Behavioural Impact of Captive Management Changes in Three Species of Testudinidae

Publication Type:
Journal Article
Year of Publication:
Jessica T. Turner, Alexandra L. Whittaker, David McLelland
Journal of Zoological and Botanical Gardens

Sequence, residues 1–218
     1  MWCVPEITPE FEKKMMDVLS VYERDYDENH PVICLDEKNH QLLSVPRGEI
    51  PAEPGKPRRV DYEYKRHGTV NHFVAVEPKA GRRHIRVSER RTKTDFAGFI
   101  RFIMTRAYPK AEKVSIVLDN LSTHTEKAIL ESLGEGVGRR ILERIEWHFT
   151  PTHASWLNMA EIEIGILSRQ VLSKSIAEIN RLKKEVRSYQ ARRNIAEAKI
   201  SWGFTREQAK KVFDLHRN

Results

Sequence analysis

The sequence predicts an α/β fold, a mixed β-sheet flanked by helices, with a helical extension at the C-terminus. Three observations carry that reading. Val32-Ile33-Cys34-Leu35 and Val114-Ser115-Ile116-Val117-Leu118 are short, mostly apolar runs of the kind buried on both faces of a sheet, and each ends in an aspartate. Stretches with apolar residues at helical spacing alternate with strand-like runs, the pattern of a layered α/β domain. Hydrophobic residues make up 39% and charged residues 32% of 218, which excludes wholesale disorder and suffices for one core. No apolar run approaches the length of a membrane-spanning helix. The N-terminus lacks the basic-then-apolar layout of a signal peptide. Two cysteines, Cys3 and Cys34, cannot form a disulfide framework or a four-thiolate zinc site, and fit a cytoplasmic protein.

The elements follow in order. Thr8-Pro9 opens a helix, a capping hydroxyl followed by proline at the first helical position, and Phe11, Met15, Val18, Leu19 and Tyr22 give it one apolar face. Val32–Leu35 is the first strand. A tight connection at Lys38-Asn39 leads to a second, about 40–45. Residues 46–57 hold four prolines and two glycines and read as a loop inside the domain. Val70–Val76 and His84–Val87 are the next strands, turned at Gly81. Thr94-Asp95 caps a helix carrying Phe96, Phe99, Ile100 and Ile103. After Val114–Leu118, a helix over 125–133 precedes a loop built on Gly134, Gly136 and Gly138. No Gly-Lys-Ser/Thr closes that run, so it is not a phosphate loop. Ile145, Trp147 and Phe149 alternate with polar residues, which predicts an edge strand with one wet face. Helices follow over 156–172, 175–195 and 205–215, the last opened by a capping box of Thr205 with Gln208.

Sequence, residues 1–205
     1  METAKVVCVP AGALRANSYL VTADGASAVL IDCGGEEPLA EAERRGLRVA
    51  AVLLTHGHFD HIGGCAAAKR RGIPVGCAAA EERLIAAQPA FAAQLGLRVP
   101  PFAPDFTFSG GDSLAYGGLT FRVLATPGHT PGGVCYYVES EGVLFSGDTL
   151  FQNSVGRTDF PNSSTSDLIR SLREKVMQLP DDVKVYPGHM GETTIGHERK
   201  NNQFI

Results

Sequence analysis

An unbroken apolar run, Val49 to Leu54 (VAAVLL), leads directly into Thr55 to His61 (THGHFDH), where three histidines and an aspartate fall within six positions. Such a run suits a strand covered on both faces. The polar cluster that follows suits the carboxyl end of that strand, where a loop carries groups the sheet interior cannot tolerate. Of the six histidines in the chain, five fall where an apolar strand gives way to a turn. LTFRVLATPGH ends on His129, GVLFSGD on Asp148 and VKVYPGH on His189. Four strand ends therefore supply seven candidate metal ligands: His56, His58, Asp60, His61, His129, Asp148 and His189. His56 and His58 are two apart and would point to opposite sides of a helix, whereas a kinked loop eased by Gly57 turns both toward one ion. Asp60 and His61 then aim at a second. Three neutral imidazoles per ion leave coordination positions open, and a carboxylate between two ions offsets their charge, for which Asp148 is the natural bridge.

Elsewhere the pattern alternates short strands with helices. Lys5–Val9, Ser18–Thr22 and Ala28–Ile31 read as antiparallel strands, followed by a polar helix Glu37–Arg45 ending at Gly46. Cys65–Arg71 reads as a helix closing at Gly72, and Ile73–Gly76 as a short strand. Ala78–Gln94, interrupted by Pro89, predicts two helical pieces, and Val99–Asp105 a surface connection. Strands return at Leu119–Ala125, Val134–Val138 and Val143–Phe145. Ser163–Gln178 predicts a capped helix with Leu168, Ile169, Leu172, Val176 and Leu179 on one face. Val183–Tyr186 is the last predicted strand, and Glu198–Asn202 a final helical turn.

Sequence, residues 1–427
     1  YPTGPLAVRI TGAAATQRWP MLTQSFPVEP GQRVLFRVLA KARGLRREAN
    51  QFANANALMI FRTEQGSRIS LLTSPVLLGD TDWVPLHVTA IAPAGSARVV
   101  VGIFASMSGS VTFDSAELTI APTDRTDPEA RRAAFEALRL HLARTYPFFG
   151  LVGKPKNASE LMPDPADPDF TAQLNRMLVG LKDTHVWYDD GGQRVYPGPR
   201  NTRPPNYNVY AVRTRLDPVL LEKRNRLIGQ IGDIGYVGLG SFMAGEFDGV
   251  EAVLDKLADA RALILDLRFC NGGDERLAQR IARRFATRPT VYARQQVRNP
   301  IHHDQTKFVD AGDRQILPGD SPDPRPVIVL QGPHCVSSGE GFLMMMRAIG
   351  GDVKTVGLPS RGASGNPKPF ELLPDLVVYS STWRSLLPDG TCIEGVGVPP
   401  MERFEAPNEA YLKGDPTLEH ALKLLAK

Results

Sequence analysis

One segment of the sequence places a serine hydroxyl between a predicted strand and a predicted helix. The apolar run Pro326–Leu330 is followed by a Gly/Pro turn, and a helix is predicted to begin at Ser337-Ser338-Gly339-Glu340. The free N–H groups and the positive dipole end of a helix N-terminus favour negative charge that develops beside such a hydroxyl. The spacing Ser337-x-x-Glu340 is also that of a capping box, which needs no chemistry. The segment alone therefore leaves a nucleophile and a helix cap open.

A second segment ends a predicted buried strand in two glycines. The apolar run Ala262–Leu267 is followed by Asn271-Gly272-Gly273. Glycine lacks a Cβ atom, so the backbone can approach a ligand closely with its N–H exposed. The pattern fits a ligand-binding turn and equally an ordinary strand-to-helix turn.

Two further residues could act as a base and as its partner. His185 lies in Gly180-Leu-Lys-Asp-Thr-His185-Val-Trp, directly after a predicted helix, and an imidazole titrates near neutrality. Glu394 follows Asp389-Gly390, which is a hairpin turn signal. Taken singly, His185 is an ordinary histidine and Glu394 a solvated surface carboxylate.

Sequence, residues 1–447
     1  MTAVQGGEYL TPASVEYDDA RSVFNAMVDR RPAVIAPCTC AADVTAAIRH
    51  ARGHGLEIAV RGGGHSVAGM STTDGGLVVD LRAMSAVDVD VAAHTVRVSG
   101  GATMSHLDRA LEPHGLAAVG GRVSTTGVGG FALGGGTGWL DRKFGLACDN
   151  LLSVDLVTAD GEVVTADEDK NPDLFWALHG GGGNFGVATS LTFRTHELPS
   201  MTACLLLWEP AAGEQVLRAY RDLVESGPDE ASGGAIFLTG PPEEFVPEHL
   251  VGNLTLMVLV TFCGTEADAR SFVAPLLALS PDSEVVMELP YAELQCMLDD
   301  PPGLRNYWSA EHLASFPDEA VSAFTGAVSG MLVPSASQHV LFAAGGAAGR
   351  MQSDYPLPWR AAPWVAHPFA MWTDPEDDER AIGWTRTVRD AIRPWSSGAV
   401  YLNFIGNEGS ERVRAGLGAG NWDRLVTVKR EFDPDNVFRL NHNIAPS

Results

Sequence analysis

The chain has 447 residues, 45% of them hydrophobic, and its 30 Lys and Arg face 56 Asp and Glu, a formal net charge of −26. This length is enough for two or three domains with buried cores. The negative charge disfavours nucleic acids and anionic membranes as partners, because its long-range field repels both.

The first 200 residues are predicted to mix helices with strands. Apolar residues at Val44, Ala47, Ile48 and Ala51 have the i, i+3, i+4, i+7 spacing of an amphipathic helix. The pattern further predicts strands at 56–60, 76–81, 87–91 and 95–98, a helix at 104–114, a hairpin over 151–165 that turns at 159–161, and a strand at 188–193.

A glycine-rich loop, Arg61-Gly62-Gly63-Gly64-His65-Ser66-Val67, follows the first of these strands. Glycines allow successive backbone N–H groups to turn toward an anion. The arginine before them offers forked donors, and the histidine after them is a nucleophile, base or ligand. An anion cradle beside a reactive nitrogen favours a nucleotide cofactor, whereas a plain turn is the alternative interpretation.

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Reptile behaviour and welfare are understudied in comparison with mammals. In this study, behavioural data on three species (Astrochelys radiata, Stigmochelys pardalis, Aldabrachelys gigantea) of tortoises were recorded before and after an environmental change which was anticipated to be positive in nature. The environmental changes differed for each population, but included a substantial increase in enclosure size, the addition of substrate material, and a change in handling procedure. A tortoise-specific ethogram was created to standardise data collection. Focal behaviour sampling was used to collect behavioural data. Changes in the duration of performance of co-occupant interaction and object interaction in the leopard (Stigmochelys pardalis) and Aldabra (Aldabrachelys gigantea) tortoises were observed following the environmental changes. The Shannon–Weiner diversity index did not yield a significant increase after the changes but had a numerical increase which was relatively greater for the leopard tortoise group, which had experienced the greatest environmental change. The leopard tortoises also demonstrated changes in a greater number of behaviours compared to the other species, and this was sustained over the study period. However, this included a behaviour indicative of negative affect: aggression. Whilst we are unable to conclude that welfare was improved by the management changes, there are suggestions that behavioural diversity increased, and some promotion of positive social behaviours occurred.


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